‘Everything begins with a story.’ A quote by famous mythologist and writer Joseph Campbell is relevant in the case of India, a land where every historical event is entwined with countless variations of local lore and traditions. The history of Konnakode family, an aristocratic house in erstwhile southern Travancore, offers a perfect blend of documented history and rich oral traditions.
Around 30 years ago, members of the Konnakode family near Colachel came across a document that would change their understanding of family history. A small notebook, yellowed with age, was found amongst the private possessions of one of the deceased matriarchs. The family members pondered over its contents written in a hybrid language – a combination of old Malayalam, Tamil, and Sanskrit. A preliminary review revealed that the content was indeed related to the history of the family and its connection with the well-known Mandaikadu Devi temple, a renowned pilgrim centre in Kalkulam Taluk, Tamil Nadu.
“We handed over the manuscript to N.P. Unni, former vice-chancellor, Kalady Sree Sankaracharya University, and a versatile scholar. It was then that the book began to disclose its precious contents,” says Major (retd) P. Balakrishnan Nair, who discovered the manuscript. The verses composed by an unknown author starts with the description of old Mandaikadu region originally known as ‘ Mantai-kadu ’, a thicket where goats grazed. After narrating the legend behind the temple, the author tries to bring in a historical perspective when he mentions that the temple was established in 788 M.E. (1613 A.D.), on land belonging to the Konnakode family.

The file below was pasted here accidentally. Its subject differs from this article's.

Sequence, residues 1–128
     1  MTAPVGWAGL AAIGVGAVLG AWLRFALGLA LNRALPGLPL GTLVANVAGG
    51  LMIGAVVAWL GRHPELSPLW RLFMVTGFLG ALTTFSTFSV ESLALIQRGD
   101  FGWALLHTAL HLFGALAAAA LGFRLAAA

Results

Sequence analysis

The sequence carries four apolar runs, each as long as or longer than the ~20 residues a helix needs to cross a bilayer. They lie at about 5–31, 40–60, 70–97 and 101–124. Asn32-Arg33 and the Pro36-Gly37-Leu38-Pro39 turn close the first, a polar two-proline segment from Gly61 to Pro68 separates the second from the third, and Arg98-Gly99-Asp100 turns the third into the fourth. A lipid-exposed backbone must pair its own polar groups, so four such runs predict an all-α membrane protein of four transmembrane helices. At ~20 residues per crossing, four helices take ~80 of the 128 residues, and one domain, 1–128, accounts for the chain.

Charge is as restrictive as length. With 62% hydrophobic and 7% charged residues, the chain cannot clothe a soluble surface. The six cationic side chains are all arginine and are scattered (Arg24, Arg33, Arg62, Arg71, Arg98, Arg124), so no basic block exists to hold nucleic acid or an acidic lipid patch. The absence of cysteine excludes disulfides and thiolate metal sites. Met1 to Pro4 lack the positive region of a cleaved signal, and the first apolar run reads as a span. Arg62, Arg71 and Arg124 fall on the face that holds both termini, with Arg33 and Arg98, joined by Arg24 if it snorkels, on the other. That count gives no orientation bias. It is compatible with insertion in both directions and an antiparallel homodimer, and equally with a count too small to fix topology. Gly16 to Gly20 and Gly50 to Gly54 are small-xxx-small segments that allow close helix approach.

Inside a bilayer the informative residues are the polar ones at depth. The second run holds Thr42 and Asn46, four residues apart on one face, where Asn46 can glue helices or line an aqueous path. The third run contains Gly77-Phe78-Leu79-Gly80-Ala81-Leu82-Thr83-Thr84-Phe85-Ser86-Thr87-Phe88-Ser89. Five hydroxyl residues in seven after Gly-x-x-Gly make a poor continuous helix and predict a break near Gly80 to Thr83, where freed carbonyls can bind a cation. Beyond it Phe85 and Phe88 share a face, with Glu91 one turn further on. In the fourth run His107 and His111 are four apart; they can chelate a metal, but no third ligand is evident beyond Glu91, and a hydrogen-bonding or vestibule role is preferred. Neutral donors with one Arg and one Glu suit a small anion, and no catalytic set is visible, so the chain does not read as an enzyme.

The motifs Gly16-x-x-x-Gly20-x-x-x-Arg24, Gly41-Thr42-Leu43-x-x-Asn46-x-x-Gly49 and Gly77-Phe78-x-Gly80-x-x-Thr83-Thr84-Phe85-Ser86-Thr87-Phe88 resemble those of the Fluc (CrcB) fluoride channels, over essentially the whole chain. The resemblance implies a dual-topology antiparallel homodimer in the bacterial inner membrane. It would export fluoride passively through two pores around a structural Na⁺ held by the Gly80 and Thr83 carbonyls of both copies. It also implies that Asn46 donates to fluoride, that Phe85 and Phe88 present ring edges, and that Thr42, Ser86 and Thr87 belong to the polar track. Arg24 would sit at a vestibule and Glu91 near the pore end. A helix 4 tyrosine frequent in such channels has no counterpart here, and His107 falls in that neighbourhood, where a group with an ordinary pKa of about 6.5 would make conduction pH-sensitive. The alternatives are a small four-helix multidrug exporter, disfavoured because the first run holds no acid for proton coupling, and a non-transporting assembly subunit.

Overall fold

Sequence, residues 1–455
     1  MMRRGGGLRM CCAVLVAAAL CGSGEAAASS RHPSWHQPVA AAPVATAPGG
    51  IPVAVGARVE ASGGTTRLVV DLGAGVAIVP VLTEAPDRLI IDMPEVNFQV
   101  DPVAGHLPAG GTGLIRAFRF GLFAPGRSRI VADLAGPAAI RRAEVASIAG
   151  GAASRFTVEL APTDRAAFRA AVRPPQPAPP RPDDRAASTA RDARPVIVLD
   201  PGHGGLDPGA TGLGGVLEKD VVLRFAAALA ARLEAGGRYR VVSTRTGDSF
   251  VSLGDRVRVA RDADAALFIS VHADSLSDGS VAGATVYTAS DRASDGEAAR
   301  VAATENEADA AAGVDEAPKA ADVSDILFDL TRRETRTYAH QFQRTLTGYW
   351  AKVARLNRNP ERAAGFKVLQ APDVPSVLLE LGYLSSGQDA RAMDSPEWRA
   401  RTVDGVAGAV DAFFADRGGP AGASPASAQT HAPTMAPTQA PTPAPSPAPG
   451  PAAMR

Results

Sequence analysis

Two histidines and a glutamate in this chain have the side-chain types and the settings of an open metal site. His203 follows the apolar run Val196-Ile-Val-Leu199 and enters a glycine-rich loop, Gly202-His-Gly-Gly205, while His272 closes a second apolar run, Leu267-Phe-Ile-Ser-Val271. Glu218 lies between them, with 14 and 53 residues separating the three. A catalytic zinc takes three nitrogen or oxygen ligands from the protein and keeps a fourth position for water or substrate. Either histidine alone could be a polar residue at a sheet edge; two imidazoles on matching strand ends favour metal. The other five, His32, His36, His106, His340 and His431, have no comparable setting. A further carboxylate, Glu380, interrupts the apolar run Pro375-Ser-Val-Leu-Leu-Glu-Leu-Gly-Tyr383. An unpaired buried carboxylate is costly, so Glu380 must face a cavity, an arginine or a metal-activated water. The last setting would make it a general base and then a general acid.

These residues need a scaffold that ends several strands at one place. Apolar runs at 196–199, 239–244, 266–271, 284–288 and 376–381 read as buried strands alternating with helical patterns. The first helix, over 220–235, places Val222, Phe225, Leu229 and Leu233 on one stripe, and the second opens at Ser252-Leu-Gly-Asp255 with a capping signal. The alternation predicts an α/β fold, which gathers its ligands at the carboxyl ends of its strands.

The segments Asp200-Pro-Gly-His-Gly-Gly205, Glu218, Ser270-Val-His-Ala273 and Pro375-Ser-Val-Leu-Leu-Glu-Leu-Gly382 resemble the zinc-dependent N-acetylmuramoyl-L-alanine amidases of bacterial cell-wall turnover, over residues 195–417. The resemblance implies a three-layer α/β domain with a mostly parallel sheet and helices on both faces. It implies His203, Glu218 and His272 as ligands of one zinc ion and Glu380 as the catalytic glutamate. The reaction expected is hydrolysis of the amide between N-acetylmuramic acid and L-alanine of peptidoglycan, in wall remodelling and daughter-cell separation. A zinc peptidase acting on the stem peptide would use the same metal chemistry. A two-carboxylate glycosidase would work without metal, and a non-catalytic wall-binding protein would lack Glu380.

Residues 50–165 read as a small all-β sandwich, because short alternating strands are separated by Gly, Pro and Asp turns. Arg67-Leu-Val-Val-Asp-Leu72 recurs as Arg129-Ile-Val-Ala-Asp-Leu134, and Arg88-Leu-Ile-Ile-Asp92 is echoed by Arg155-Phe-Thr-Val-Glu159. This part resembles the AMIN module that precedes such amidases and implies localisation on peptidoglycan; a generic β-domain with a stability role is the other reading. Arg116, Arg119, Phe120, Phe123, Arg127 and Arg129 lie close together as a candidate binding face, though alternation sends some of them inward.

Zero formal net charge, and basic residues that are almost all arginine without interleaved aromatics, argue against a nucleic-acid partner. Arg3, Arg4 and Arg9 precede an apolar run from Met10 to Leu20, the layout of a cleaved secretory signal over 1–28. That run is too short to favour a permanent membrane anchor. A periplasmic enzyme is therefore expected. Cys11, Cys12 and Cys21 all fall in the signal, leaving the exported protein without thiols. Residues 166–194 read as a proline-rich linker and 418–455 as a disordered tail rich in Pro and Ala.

The history of the origin of the Konnakode family is lost in time. According to some sources, the family hailed from Mavelikara and later shifted to the Venad when the royals were based in Thiruvithamcode. The early patriarchs were gifted physicians who were revered by the locals. The temple was established during the time of a powerful patriarch named Kumara Pillai. After Kumara Pillai, his nephew Kesava Pillai became the head of the family and the Devi temple remained with the family. The history of the family and the temple enters a decisive phase in 978 M.E. (1803 A.D.), during the time of Velu Thampi, the Dalawa (Prime Minister). By then the Konnakode family had prospered and was well known all over Travancore. Once, the Dewan sent to Konnakode, a messenger with a note asking the patriarch for a huge amount of money.
“There are many versions of what happened afterwards. Some maintain that the request was turned down and as soon as Thampi came to know of this, he dispatched soldiers to arrest the patriarch,” says Balakrishnan Nair. The patriarch, after he placed his descendants under the protection of the powerful Pattara Thampi family, committed suicide. “Instead of dying under torture in the hands of the Dalawa, poison offered a better end to our ancestor,” adds Nair.
The Konnakode family witnessed the darkest chapter in their history in the early decades of the 19th century, when the family assets and the Mandaikadu temple were taken over by the government (April 24, 1803).
The Konnakode family rose from the ash and gained prominence in later years. However, they lost their most valuable possession – the Mandaikadu Devi temple – forever.
The author is a conservation architect and history buff